This story is by Charles Reith and was part of our 2016 Winter Writing Contest. You can find all the Winter Writing Contest stories here.
They were coming my way, slashing through vegetation with their machetes. There were three or four; they laughed, spat, and spoke the native Hausa so I’d no idea what they were saying. What I knew for sure is they sought me with deadly intent. I buried myself in yellow-brown mud made sour by the excrement of cattle that wallowed in the water hole. My mud-smeared face looked toward the center, so I couldn’t tell how close they were behind me. They sounded steps away but I told myself fear made them seem nearer than they were. A rivulet of blood oozed from my shredded arm into the water. They’ll see it, I thought, but hoped again that fear was exaggerating the risk. Still, these might be the waning minutes of my life.
It had been two hours since shots burst below my classroom at the University of Sahel. We were just west of Boko Haram’s self-proclaimed caliphate and our mission wholly defied their namesake intent to “Ban Western Education.” Every year, we matriculated African men and women to careers in medicine, law, engineering and science. Every graduating woman was a stick in their eye. Boko hated us, but we felt protected by high walls, a huge security force, and assurances that our intelligence network would signal a coming attack in time to evacuate or summon military force.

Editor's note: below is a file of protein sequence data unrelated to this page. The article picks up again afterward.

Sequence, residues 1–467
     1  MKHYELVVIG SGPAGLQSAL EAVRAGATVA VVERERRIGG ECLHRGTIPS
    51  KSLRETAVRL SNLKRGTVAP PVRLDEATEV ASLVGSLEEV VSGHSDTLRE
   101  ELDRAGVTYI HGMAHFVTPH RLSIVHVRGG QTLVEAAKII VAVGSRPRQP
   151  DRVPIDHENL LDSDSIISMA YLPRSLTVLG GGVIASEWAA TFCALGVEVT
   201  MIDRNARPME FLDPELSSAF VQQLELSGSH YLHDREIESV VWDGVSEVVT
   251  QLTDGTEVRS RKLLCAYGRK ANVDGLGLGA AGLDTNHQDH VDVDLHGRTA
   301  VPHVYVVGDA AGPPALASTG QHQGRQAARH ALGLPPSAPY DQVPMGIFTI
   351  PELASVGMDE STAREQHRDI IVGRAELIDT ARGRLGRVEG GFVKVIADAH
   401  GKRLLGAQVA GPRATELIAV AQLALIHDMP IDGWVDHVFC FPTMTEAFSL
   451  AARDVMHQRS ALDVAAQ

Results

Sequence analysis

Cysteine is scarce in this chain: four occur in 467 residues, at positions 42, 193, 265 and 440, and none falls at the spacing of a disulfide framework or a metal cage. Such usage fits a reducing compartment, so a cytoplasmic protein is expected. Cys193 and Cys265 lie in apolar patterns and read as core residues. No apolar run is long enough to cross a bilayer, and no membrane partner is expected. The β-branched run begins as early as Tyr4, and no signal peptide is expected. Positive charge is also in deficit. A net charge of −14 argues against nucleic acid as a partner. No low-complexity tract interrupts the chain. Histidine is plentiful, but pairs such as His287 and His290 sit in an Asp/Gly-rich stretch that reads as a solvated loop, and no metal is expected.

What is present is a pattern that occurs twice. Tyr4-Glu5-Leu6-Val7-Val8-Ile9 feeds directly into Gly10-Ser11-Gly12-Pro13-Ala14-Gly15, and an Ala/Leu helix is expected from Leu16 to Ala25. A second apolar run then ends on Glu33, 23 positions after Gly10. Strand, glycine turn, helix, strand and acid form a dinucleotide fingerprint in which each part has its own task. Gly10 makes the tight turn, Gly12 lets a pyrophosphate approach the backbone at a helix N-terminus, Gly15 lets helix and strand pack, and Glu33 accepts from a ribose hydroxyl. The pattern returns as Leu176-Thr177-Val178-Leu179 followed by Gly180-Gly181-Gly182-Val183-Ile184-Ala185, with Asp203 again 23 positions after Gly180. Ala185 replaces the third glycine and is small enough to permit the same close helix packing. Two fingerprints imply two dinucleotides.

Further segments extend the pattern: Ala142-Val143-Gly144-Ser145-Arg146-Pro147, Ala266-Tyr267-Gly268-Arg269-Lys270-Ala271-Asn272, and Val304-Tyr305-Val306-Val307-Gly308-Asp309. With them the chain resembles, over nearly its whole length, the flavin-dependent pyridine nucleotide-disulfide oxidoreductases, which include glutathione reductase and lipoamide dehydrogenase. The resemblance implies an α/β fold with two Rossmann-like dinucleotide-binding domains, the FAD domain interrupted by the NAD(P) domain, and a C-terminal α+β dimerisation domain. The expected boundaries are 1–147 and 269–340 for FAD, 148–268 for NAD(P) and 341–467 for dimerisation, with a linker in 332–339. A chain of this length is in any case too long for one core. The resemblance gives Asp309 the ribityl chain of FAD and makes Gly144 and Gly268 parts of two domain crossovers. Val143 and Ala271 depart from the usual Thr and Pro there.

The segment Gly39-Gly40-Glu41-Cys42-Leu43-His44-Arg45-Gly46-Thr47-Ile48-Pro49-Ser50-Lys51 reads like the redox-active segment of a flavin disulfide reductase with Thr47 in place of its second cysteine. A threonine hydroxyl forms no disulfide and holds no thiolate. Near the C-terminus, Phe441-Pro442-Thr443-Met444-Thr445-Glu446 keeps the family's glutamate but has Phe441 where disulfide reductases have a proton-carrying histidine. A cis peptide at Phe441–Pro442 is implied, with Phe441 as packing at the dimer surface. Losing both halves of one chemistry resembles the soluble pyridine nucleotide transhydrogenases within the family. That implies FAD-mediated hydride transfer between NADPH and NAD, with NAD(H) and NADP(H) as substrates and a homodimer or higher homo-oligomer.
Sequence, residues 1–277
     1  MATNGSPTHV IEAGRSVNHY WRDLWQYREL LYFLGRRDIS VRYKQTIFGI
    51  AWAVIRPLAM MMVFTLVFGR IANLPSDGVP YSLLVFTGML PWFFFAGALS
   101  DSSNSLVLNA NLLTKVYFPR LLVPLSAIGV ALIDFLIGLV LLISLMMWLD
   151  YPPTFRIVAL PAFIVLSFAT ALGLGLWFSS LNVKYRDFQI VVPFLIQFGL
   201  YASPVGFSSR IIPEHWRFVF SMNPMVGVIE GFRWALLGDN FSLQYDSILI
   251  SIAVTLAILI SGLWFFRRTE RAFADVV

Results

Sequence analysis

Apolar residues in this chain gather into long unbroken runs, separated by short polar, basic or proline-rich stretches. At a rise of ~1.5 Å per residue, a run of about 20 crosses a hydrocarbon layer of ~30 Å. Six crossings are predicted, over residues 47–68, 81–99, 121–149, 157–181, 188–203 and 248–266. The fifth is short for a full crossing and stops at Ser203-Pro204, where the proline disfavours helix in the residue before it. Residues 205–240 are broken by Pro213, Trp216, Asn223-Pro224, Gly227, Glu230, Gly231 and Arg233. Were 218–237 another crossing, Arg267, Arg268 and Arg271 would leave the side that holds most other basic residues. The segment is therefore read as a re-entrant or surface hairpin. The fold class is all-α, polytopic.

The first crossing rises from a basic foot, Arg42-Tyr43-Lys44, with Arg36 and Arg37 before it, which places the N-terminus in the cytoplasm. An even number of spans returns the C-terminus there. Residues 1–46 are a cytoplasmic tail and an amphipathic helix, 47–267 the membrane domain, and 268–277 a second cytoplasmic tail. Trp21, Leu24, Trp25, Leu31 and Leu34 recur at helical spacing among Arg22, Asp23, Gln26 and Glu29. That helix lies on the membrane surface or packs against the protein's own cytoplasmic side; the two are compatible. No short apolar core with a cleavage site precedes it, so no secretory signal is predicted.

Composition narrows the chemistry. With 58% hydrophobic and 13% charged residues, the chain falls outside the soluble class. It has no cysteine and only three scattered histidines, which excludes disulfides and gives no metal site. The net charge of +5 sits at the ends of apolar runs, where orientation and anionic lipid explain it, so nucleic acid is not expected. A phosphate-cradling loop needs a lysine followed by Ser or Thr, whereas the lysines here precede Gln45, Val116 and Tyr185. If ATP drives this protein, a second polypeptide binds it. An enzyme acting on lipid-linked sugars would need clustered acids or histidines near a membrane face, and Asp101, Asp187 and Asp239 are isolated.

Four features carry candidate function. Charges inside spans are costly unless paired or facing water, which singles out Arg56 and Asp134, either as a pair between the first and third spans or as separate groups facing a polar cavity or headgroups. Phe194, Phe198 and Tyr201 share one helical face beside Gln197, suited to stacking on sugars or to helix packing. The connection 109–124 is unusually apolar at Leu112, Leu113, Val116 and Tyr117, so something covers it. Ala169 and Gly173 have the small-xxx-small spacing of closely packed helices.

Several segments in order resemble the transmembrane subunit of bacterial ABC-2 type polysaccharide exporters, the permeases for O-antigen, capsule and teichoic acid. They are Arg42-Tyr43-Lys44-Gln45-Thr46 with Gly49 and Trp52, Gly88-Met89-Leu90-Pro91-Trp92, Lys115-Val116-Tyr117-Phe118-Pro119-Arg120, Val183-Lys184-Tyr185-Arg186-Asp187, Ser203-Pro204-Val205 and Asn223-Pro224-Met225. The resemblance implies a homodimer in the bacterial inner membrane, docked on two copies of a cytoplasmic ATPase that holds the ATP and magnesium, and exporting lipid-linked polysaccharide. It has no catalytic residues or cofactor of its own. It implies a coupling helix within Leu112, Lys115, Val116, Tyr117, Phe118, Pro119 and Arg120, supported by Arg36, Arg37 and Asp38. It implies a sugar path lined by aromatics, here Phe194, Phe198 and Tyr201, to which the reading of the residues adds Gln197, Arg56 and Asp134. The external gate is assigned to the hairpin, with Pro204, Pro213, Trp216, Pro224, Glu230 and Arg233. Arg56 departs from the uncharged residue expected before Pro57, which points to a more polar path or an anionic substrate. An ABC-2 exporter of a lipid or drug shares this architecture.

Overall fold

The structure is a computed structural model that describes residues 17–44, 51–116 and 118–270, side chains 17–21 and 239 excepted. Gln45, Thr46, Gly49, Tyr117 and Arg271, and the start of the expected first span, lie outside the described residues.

The assurances proved hollow when guns strafed the walls outside our window. A bullet shattered the glass and punctured the ceiling. My students and I dropped to the floor. Next came wheels squealing and skidding; men shouting in Hausa jumped noisily from trucks. Shortly after, a loudspeaker blared “This is not a drill. The campus has been breached. Do what we practiced. Students follow facult…” A gun-burst silenced the speaker. My students looked at me in terror. We knew too well how Boko treated prisoners, killing males and enslaving females: forced marriage, scarce food, and servitude to bearded devils who’d twisted their faith. I signaled my students to stay down, crept to the window, and peeked over the sill. Ten gunmen had piled from two pickups and approached the building across central campus. None headed for ours, not yet.
I fought panic if only to be remembered by the survivors for coolness in desperation. As rehearsed, I ushered my students to the top floor, maintaining order, demanding silence, and seizing cell phones from those who wouldn’t wait. “Later,” I hissed, “Once we’re upstairs.” We ascended quietly to a top-floor classroom where we joined another class. Together, we were twenty students and two profs: Agatha Mugali and myself. A youthful Kenyan, Agatha was helpless with fear; she’d gotten her students to their refuge but now was senseless in tears. I whispered the instructions we’d practiced in drills. “Pile the chairs and tables against the door and lean low against them, out of sight of windows. A shooter won’t be able to force the door before the military arrives. Do what we practiced and we’ll make it. OK?” They nodded yes…tearful in terror but waveringly steeled with summoned resolve.